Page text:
The world of Keith Carmona’s Blank is a lot like our own. Nearly everyone is in the media business thanks to tiny devices they carry with them at all times, and because everyone’s an active participant, the idea of what counts as news has drastically changed.
Blank’s hero Ecks is, like many people in his city, a beleaguered and begrudging participant in the modern media creation system. The only alternative is to become one of the mindless consumers who spend their time listlessly wandering through the downtown area, where they eagerly await to breath in an intoxicating gas that allows them to visualize and give into their most base, carnal desires. While the bulk of the world loses itself in the almost drunken fantasies that the gas enables them to experience, Ecks yearns for something more—the past before the news, the educational system, and virtually all media were privatized by a singular, shadowy corporation
Blank toes the line between being a prescient critique of the increasingly frenetic news cycle that prioritizes speed over valuable information, and a straight up dystopia, which makes it just creepy enough to make you reconsider how much time you’re spending on social media. (Keith Carmona, Neill Brengettsey, Mike Stefan, Scattered Comics)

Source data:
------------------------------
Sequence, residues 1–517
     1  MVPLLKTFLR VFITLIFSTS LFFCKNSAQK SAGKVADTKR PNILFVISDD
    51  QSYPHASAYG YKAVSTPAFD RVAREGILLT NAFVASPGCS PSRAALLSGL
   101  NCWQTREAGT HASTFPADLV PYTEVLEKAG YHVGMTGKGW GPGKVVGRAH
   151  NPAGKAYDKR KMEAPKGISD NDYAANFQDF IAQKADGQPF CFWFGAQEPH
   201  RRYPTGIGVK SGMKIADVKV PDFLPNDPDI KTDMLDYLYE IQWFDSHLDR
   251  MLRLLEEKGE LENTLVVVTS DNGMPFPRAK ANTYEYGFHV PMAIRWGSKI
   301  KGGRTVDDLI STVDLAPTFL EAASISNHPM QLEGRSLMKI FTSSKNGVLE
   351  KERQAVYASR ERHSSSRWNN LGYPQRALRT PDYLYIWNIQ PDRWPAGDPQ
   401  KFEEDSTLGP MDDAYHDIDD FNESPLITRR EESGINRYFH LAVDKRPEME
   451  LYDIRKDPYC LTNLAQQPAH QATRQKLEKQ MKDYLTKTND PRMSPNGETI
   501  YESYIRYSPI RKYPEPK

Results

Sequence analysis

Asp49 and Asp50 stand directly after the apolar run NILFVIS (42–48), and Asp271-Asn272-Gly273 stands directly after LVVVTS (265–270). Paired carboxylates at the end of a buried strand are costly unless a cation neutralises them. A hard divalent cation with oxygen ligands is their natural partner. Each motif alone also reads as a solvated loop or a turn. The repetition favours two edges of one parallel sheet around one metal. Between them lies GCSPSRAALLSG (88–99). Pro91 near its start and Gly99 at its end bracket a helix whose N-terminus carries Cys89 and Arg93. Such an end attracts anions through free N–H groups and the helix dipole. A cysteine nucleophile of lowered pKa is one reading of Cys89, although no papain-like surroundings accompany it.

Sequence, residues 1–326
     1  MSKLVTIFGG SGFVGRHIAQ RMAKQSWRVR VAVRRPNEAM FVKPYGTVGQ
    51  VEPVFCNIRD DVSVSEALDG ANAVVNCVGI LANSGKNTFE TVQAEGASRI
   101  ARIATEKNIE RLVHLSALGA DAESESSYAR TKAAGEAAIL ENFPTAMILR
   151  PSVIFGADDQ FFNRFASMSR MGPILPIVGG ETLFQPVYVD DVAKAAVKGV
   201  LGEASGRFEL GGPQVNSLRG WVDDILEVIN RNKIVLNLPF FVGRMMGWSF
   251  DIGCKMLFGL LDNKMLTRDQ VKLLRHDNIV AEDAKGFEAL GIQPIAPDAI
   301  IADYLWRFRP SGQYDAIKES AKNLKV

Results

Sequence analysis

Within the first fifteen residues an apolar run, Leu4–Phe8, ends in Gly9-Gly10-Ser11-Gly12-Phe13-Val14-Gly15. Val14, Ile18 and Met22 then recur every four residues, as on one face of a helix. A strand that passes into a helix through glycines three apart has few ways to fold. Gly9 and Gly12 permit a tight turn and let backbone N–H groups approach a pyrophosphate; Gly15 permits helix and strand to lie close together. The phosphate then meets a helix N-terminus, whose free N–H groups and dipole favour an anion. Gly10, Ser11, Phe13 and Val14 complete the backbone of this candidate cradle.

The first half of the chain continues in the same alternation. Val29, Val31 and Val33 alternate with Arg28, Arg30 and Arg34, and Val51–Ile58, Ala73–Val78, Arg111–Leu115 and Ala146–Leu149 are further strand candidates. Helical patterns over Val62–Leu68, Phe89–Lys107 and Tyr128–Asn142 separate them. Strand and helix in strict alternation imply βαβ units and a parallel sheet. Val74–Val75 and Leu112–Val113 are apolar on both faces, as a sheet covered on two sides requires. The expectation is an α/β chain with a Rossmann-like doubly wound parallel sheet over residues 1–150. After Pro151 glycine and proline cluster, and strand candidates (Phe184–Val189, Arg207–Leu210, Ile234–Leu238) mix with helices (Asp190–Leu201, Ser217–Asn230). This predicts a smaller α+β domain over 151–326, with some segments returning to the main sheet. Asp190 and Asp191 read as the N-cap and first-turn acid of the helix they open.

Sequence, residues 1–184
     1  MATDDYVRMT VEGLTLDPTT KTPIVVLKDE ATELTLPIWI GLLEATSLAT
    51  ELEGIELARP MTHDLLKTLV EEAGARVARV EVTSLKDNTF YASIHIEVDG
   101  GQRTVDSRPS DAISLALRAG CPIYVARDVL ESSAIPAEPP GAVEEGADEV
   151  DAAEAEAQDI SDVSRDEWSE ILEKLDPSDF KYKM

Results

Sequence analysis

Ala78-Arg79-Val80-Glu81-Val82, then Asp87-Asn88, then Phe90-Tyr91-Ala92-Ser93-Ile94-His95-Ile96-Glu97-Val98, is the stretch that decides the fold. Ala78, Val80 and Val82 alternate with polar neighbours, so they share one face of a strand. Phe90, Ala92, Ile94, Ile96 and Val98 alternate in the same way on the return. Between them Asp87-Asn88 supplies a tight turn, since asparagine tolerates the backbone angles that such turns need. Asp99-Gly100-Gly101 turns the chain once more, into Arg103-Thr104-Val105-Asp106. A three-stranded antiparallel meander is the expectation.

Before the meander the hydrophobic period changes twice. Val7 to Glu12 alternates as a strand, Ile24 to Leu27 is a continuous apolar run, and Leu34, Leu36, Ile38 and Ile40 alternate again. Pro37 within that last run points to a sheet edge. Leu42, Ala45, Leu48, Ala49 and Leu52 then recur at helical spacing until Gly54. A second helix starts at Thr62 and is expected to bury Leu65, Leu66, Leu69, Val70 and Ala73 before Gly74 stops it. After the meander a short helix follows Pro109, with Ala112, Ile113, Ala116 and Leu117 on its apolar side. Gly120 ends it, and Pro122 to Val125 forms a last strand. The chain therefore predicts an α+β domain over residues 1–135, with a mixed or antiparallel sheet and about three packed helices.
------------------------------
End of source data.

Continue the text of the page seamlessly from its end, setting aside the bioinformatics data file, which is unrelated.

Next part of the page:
There’s really no way to talk about DC’s new series The Terrifics without comparing it to Marvel’s Fantastic Four. Not just because both teams are led by brilliant super-scientists, or that they each feature a hero who can stretch and mold their bodies into odd shapes—it’s also that they’re both fundamentally stories about unconventional families.
Rather than telling the origin story of how a nuclear family of relative normal people become larger-than-life heroes, The Terrifics assumes that you’re already familiar enough with its cast of characters to be comfortable with seeing them thrown together almost immediately. Following the events of DC’s ongoing Dark Knights: Metal, The Terrifics finds Mister Terrific still cleaning up Bruce Wayne’s messes. With the world now aware of the existence of the Dark Multiverse, yet another person wants to open up a portal into it, something that would surely imperil the prime universe once again.
When Mister Terrific shows up on the scene to investigate the newest doorway into the Dark Multiverse, he’s shocked to learn that Metamorpho is being used as a key of sorts to keep the gateway open. While trying to close the door, both Terrific and Metamorpho are sucked through the door, and it’s only because Terrific thought to bring the newly-awakened Plastic Man along with him that the costumed heroes are able to survive the journey.
The Terrifics gets into straight-up Kirby territory the moment its heroes step through that portal and meet the long-missing Phantom Girl, who’s been trapped on the gargantuan corpse of a dead alien hurtling through space. More than anything else, it’s that kind of out-there weirdness that makes the first issue feel like it’s such a strong spiritual successor to the Fantastic Four—as well as a straight-up fun comic to read in its own right.